Norepinephrine is an alpha agonist medication. Activation of alpha receptors causes smooth muscle contraction, leading to constriction of blood vessels and subsequent increase in blood pressure.
Norepinephrine is also a beta-1 agonist, meaning that it stimulates beta-1 receptors in the heart, thereby increasing heart rate.
Norepinephrine is a vasopressor, which causes constriction of blood vessels. In instances of severe hypotension, norepinephrine can be given to produce a dramatic increase in blood pressure, potentially saving a patient’s life.
Because this medication is a potent vasoconstrictor, blood vessels will constrict causing less blood to perfuse the kidneys. Norepinephrine decreases renal blood flow in an attempt to supply blood to more vital organs, such as the brain and the heart, in a severe hypotensive crisis.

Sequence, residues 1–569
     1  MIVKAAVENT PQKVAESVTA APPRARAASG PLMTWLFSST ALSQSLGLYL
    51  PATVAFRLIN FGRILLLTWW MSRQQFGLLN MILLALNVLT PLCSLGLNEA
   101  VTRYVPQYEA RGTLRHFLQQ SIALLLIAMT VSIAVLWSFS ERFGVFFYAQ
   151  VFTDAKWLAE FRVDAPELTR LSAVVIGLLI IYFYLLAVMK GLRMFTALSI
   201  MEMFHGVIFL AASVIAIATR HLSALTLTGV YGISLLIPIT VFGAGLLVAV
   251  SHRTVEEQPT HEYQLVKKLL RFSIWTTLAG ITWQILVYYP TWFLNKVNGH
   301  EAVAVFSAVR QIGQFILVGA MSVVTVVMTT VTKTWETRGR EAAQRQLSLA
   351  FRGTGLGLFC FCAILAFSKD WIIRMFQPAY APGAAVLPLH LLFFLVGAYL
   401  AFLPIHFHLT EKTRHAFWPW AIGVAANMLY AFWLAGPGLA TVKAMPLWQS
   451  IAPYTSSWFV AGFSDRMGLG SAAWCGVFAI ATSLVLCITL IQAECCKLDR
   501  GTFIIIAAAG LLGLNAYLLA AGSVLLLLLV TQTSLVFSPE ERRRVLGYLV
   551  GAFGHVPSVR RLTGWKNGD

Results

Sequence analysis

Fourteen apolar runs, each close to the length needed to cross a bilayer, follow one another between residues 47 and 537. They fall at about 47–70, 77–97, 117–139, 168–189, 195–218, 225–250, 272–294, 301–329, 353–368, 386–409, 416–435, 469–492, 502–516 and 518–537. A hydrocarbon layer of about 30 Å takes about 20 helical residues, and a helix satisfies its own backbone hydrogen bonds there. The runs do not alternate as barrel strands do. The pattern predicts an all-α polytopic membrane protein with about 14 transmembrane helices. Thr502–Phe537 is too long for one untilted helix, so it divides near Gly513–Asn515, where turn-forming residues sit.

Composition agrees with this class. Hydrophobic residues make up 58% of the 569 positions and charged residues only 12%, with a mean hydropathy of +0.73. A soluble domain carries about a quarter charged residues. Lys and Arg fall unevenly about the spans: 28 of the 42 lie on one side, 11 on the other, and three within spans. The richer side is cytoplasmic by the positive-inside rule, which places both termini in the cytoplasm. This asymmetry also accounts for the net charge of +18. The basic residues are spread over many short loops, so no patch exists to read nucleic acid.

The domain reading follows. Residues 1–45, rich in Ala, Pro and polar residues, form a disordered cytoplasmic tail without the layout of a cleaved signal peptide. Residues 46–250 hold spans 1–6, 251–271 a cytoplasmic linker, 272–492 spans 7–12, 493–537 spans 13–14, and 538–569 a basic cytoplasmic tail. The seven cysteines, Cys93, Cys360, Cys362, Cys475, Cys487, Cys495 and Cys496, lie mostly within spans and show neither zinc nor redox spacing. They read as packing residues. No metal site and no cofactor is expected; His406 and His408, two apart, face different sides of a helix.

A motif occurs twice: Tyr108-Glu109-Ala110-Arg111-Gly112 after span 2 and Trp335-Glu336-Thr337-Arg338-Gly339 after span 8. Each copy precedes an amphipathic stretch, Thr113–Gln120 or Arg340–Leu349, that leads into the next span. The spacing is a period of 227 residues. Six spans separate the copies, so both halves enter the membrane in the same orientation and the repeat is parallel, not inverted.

Cardiac arrhythmias can occur in patients receiving norepinephrine, related to excessive activation of beta-1 receptors in the heart.
If given in excess, vasoconstriction caused by activation of alpha-1 receptors may cause the patient to become hypertensive. Blood pressure should be monitored carefully in these patients to avoid a hypertensive crisis.
If norepinephrine extravasates or leaves the blood vessel during administration, it can cause tissue necrosis. If extravasation occurs, the antidote, phentolamine (Regitine) can be infused into necrosed area to allow blood vessels to re-expand.
Norepinephrine is a last resort medication and should be used only when other medical and/or pharmaceutical interventions have proven to be ineffective.
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